Discours de SE le Ministre fidjien de la défense, de la sécurité nationale et de la police, du développement rural et maritime et de la gestion des catastrophes lors de la réunion inaugurale des ministres de la réduction des risques de catastrophe

Nandi

Inaugural Pacific Disaster Risk Reduction Ministers Meeting, 14th – 16th September 2022, Nadi, Fiji

OPENING REMARKS FOR HONORABLE MINISTER FOR DEFENCE, NATIONAL SECURITY AND POLICING & RURAL, MARITIME DEVELOPMENT AND DISASTER MANAGEMENT

Honourable Ministers, 

Heads of Delegation, 

Director General of the Pacific Community 

Deputy SecretaryGeneral of the Pacific Islands Forum Secretariat 

Ladies and Gentlemen 

Ni sa bula vinaka. I bid you greetings from the Government and people of Fiji and warmly welcome you to our shores. We are so honoured to have you here with us in this corner of the Blue Pacific if only for a few days. Consider Fiji your home away from home.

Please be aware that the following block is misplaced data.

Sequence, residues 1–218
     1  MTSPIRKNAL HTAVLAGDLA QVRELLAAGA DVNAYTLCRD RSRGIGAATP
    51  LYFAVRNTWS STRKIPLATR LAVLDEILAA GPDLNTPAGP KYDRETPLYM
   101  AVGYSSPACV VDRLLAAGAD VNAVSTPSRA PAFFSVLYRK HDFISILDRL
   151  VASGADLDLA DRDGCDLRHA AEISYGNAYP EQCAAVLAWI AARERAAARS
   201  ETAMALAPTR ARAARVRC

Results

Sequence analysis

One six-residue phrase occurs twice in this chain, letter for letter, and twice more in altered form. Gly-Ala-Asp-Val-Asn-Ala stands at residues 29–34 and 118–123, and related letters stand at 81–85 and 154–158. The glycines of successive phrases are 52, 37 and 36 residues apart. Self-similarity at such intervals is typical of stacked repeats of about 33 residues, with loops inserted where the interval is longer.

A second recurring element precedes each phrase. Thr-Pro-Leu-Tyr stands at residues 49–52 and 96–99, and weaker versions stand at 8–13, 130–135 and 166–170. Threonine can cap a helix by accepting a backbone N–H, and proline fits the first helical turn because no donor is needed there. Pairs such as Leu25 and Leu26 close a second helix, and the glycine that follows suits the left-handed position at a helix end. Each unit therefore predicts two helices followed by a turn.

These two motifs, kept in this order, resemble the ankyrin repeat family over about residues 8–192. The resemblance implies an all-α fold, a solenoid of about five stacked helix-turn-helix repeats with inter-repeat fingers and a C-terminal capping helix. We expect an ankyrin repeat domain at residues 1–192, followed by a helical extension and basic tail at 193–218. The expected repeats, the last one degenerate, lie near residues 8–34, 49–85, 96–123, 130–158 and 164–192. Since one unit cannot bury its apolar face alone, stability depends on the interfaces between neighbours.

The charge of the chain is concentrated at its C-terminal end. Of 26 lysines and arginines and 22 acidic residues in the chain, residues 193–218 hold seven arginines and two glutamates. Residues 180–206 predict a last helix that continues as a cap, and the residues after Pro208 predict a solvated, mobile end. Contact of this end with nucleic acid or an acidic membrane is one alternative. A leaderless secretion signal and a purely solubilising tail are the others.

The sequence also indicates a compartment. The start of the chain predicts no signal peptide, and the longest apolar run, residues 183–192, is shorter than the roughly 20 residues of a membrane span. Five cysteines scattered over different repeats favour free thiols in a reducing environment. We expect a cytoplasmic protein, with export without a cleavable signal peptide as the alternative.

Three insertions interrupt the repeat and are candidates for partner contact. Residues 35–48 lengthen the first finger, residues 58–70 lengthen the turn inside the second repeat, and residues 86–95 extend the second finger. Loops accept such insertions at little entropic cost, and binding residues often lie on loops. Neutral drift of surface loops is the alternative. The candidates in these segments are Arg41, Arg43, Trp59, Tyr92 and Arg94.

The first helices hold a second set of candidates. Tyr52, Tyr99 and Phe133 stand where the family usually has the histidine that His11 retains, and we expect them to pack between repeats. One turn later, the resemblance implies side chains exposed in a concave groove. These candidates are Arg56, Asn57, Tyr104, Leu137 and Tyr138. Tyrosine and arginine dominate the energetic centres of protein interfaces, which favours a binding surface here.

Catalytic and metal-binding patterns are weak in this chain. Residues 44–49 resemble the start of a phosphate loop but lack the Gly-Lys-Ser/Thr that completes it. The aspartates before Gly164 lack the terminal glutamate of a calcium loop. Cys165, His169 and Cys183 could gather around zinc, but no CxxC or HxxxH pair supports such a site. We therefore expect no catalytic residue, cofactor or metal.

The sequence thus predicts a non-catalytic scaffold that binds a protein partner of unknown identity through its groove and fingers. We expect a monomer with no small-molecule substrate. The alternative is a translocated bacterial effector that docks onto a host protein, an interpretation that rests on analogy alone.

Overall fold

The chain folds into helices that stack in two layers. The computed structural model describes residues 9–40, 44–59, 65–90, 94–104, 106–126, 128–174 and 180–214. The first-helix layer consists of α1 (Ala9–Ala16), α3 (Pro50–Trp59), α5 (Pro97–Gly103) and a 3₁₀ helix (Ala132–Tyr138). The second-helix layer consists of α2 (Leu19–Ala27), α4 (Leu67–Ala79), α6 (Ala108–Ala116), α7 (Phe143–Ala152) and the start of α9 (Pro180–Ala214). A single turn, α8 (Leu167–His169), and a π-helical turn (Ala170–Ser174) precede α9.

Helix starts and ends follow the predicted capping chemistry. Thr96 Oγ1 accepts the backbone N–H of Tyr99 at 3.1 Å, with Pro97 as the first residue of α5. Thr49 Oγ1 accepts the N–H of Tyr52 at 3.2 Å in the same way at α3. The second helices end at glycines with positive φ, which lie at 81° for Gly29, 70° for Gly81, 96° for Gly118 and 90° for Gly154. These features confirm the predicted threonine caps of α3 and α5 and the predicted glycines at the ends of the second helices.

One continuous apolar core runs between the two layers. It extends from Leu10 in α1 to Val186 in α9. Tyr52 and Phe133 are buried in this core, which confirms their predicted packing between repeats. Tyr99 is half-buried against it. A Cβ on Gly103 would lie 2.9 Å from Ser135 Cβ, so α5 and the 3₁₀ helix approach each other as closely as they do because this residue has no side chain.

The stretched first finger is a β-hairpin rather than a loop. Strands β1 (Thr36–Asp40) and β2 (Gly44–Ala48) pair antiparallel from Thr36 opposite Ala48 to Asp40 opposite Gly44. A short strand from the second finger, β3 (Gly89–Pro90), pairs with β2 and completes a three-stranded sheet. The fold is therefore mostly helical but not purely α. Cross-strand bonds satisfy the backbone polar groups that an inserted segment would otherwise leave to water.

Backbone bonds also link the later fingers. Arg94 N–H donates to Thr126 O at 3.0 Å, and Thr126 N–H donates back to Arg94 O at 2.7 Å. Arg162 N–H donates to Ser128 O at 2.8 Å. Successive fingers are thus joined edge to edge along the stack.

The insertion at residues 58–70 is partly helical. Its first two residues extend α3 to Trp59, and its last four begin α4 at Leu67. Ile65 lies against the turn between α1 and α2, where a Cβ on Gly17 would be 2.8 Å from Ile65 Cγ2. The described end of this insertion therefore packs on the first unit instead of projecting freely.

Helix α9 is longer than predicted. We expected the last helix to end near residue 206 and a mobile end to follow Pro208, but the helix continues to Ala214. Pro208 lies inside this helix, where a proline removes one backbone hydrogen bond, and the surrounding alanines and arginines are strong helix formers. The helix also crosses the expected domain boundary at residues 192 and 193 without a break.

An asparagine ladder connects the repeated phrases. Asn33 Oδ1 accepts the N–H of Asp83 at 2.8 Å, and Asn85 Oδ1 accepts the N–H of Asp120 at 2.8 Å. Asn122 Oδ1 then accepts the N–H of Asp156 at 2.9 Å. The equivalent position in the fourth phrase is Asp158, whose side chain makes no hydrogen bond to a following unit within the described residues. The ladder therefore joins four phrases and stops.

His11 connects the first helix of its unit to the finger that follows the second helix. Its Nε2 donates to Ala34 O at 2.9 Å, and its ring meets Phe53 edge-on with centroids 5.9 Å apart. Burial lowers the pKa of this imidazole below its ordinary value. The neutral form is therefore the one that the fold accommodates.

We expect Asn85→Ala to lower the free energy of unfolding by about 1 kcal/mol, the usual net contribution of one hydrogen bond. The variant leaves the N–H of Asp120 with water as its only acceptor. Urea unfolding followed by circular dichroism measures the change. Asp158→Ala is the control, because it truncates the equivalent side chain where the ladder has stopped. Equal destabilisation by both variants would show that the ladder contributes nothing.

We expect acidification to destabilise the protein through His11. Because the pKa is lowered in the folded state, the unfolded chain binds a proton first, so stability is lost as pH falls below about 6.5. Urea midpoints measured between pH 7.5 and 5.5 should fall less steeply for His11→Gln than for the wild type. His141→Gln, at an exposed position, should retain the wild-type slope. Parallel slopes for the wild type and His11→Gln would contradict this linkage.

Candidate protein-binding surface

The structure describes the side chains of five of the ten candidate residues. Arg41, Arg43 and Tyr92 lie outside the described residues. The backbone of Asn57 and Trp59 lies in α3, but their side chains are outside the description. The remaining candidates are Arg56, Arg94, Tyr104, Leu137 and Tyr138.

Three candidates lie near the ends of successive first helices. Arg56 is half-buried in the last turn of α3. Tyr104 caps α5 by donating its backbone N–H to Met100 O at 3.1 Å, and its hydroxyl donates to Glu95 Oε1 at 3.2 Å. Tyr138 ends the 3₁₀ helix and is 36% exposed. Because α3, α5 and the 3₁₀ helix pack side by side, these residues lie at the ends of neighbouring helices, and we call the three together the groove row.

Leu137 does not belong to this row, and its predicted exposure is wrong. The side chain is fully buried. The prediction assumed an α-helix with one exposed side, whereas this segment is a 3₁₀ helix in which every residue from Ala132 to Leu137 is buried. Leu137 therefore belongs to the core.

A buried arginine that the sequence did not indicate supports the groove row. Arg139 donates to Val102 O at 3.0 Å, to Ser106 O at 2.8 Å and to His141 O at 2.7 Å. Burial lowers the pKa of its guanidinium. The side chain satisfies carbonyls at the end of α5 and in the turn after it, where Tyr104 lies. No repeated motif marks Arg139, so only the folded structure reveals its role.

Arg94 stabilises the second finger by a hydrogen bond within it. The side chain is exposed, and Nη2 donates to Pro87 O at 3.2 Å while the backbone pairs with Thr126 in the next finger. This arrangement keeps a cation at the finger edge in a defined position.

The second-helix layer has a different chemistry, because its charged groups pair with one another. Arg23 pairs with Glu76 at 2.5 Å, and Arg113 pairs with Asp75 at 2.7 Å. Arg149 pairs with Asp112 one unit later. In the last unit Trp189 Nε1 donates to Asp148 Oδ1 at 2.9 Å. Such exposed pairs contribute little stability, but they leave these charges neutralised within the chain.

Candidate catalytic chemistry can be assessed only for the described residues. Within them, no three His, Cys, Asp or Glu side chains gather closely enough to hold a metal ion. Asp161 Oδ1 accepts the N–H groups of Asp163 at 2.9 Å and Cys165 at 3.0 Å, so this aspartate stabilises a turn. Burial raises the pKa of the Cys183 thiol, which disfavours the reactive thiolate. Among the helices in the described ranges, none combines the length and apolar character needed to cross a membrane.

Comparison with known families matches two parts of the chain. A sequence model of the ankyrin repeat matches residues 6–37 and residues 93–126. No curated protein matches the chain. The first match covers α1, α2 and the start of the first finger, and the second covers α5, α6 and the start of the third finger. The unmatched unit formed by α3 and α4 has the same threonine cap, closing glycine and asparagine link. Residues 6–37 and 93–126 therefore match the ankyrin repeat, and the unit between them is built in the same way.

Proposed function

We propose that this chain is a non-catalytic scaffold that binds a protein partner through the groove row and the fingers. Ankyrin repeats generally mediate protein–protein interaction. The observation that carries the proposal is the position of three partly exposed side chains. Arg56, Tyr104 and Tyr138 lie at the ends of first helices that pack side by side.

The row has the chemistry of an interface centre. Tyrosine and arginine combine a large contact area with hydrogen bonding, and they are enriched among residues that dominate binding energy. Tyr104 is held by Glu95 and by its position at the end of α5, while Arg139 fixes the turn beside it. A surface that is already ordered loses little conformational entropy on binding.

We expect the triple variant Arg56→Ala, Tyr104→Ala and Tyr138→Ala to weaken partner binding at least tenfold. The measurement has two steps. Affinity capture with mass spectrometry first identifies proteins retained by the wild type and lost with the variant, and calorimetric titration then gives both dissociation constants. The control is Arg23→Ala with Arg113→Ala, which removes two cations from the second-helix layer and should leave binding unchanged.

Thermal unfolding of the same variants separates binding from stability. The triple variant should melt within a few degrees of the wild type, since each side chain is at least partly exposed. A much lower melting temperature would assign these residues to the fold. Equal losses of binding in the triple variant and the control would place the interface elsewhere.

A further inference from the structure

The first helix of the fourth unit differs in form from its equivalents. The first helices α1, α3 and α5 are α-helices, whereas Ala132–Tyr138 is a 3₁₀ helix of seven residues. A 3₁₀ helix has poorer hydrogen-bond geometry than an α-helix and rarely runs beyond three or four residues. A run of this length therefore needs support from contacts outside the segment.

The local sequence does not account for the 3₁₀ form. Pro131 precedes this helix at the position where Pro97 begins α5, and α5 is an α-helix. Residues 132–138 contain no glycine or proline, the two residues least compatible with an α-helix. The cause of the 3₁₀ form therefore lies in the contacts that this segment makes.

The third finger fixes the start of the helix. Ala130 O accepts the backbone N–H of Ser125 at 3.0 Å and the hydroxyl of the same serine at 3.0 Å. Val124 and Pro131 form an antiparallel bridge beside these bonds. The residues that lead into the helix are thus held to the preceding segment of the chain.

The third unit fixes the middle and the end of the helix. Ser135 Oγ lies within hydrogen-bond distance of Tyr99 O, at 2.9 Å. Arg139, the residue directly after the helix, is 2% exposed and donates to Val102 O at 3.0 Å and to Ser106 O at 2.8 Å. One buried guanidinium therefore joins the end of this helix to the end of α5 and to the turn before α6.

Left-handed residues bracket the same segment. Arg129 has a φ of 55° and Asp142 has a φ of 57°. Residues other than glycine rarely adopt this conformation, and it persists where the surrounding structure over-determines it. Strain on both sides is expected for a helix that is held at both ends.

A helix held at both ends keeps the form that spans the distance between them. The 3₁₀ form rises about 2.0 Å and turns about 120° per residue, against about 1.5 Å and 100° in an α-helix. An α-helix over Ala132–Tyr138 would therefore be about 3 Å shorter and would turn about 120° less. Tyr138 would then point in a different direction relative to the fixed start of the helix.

We are furthered honoured and grateful for the trust you have placed in Fiji to guide the discussions as Chair for our inaugural meeting.  

This meeting is held in the lead up to the Asia-Pacific Ministerial Conference on Disaster Risk Reduction 2022 (APMCDRR) and it is an opportunity to come together as a family of Pacific nations and peoples and as a means to strengthen our regional cooperation and our advocacy so that we can speak with a united voice as the Blue Pacific Continent bloc about our priorities and challenges.  

The themes of this event, Disaster Preparedness and Response, Resilient Recovery and Risk Informed Development, are timely and relevant with our lived and daily experience and exposure to a range of natural hazards of hydro-meteorological origin including cyclones, droughts, landslides, floods and droughts. Many Pacific Island countries and territories (PICTs), such as Vanuatu, Tonga, Papua New Guinea and Solomon Islands are on major fault lines and experience earthquakes and tsunamis at a very high frequency.  

As one of the most disaster-prone areas of the planet, climate change is further exacerbating the magnitude and impacts of climate variability and some natural hazards. So the outcomes of this meeting can also inform our region’s participation in the upcoming  United Nations Climate Change Conference, COP27, to be held from 6 to 18 November 2022 in Sharm El Sheikh, Egypt, now less than 100 days to the next.